• Drug interactions: It is important to let your doctor know the other medications you’re on before they prescribe amoxicillin. Taking some medications together with amoxicillin can lead to potentially dangerous drug interactions. Examples of drugs you shouldn’t take with amoxicillin are warfarin, doxycycline, sulfasalazine, and tetracycline. 

Amoxicillin also makes oral birth control ineffective, so you should find an alternative means of birth control while you’re taking it. 


Here are some precautions to keep in mind while taking penicillin:

  • Allergies: Stop taking this drug if you notice any allergic reactions to it. You should also use this drug with caution if you have asthma, have had any hypersensitivity reactions in the past, or if you’ve had Steven Johnson syndrome. Severe allergic reactions to penicillin can lead to anaphylaxis. 

If you’re unsure whether or not you’re allergic to penicillin, you can take a skin allergy test to see if you’re allergic to penicillin if you are concerned that you might have an allergy. 

  • Kidney disease: Penicillin is excreted through the kidneys, so if you have any kidney diseases, seek medical advice from your doctor. You may need a lower dose of penicillin to reduce the strain on your kidneys. If you’re on hemodialysis, your doctor may prescribe a higher dose of penicillin because the rates of excretion of penicillin will be higher on hemodialysis. 

Antibiotics Resistance 

Antibiotic resistance is a public health issue and a cause for concern. It happens when organisms like bacteria and fungi are no longer affected by the antibiotics meant to kill them.

It’s the bacteria, not the body, that develops this resistance. 

With antibiotic resistance, antibiotics become ineffective against bacteria, which makes the infection harder or impossible to treat.

Antibiotic-resistant infections usually require a longer treatment period and higher antibiotic doses to treat. 

Antibiotic resistant bacteria can also multiply and make other bacteria resistant as well

Taking your antibiotics incorrectly, taking antibiotics when you do not need them (ie for viral illnesses), skipping doses, or abandoning your medication halfway can all make it more likely for antibiotic resistance to develop.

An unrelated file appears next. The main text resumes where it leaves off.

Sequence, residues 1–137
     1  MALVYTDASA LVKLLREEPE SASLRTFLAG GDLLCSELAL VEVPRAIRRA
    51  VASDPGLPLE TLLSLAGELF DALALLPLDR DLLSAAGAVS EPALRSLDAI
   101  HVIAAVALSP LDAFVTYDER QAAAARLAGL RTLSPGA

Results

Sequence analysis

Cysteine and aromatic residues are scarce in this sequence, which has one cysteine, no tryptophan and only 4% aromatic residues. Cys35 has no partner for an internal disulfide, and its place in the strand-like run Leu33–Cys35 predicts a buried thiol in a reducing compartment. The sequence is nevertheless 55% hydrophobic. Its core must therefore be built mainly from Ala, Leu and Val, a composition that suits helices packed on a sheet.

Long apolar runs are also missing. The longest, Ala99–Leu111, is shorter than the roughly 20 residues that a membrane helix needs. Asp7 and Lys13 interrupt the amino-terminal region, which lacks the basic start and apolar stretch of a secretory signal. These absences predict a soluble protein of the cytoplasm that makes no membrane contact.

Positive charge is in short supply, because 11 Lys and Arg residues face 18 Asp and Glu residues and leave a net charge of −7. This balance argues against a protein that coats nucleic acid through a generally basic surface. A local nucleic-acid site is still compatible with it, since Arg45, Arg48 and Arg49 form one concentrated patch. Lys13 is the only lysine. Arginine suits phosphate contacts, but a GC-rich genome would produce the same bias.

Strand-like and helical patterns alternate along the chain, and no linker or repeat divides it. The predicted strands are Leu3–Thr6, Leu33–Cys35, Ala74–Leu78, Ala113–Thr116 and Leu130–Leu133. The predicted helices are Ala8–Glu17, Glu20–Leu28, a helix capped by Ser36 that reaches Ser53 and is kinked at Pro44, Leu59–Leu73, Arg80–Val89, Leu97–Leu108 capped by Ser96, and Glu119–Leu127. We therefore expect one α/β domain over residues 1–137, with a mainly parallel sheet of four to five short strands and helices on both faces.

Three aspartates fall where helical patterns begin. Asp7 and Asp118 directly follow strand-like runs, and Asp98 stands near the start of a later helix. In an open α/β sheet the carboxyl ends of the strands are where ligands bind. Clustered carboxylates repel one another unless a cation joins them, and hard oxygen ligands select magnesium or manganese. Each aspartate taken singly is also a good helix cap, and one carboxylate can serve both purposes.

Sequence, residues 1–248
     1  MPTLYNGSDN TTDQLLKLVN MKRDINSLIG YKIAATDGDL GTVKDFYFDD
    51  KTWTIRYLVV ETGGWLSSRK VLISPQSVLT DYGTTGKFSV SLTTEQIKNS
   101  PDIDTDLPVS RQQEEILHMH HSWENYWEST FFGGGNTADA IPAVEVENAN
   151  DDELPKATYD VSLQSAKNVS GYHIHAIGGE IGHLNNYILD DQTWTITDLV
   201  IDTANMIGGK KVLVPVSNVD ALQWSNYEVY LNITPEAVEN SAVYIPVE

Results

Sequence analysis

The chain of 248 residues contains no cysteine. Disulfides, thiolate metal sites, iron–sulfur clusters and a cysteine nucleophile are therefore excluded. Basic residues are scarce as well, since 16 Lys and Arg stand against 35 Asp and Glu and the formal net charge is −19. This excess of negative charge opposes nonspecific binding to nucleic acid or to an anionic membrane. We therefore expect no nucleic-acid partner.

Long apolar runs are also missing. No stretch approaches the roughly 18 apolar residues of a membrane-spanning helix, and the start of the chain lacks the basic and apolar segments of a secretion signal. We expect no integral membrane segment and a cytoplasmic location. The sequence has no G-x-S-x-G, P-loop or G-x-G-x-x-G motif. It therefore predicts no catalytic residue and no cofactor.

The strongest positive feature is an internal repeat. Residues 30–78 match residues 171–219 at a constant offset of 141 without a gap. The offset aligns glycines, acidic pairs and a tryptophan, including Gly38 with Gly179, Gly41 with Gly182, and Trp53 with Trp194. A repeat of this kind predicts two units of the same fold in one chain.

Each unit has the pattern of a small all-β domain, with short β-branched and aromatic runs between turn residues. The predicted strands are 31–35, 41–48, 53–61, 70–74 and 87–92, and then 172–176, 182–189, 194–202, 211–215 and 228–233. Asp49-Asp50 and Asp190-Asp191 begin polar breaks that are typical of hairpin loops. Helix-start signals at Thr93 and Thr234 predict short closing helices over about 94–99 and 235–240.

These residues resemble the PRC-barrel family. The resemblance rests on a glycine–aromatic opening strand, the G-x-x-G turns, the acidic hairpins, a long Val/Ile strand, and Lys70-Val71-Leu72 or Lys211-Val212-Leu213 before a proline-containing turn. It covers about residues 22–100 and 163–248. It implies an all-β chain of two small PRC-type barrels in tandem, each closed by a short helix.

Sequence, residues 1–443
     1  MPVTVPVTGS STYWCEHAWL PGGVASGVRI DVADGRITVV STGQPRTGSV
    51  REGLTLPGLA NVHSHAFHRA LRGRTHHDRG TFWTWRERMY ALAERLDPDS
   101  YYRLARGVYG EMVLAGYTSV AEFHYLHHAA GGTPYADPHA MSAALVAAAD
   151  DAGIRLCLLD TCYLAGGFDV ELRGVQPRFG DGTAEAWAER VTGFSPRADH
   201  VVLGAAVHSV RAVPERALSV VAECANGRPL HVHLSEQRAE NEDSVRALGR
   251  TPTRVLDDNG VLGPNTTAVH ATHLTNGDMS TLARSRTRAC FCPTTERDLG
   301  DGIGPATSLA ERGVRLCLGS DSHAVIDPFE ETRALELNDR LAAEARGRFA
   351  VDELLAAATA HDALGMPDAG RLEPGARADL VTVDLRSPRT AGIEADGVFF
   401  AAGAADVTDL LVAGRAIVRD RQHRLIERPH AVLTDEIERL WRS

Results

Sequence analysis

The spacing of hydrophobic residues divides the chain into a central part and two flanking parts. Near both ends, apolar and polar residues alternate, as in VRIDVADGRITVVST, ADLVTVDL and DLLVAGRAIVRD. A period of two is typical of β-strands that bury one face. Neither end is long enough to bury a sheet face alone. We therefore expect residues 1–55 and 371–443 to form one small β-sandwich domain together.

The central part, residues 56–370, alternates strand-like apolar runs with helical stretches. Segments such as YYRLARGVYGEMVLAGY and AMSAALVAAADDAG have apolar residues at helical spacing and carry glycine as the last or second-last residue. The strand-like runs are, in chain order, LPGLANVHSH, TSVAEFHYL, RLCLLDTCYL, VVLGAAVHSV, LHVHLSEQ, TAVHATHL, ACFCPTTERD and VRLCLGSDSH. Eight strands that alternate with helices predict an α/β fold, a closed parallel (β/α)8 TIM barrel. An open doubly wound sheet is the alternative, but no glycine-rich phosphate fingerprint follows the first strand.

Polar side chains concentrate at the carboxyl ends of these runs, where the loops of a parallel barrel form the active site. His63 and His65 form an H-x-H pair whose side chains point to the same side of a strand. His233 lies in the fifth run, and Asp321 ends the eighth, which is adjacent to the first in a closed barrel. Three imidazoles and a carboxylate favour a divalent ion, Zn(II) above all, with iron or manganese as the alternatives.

Additionally, antibiotic resistance can spread fast among people and get to new locations and countries — making a whole range of antibiotics useless. 

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When to See a Doctor

If you think you or someone else has taken too much amoxicillin or penicillin, watch out for overdose symptoms like severe diarrhea and vomiting, and contact your health care provider or poison control center  for medical advice.

You should also seek medical advice if you notice an allergic reaction to these medicines.

Some common allergic reactions to antibiotics include hives, difficulty breathing, or difficulty swallowing. 

Remember to see your doctor if you’re about to start on another medication that may interact with your antibiotics. 

How K Health Can Help 

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Frequently Asked Questions

Can you take amoxicillin if you're allergic to penicillin?
No, you cannot take amoxicillin if you're allergic to penicillin because the drugs belong to the same class.
What is the strongest type of antibiotic?
There is no single most powerful antibiotic. The strength of an antibiotic depends on the infection you’re treating.
Is it possible to outgrow an allergy to penicillin?
While true allergies to penicillins are likely to be lifelong, most people who think they have penicillin allergies because of a childhood reaction do not have true allergy to penicillins. Speak with your healthcare provider if you think you may have had a penicillin allergy and are wondering if you can safely take these antibiotics- they can arrange for allergy testing or a safe trial of the medication.

K Health articles are all written and reviewed by MDs, PhDs, NPs, or PharmDs and are for informational purposes only. This information does not constitute and should not be relied on for professional medical advice. Always talk to your doctor about the risks and benefits of any treatment.

Terez Malka, MD

Dr. Terez Malka is a board-certified pediatrician and emergency medicine physician.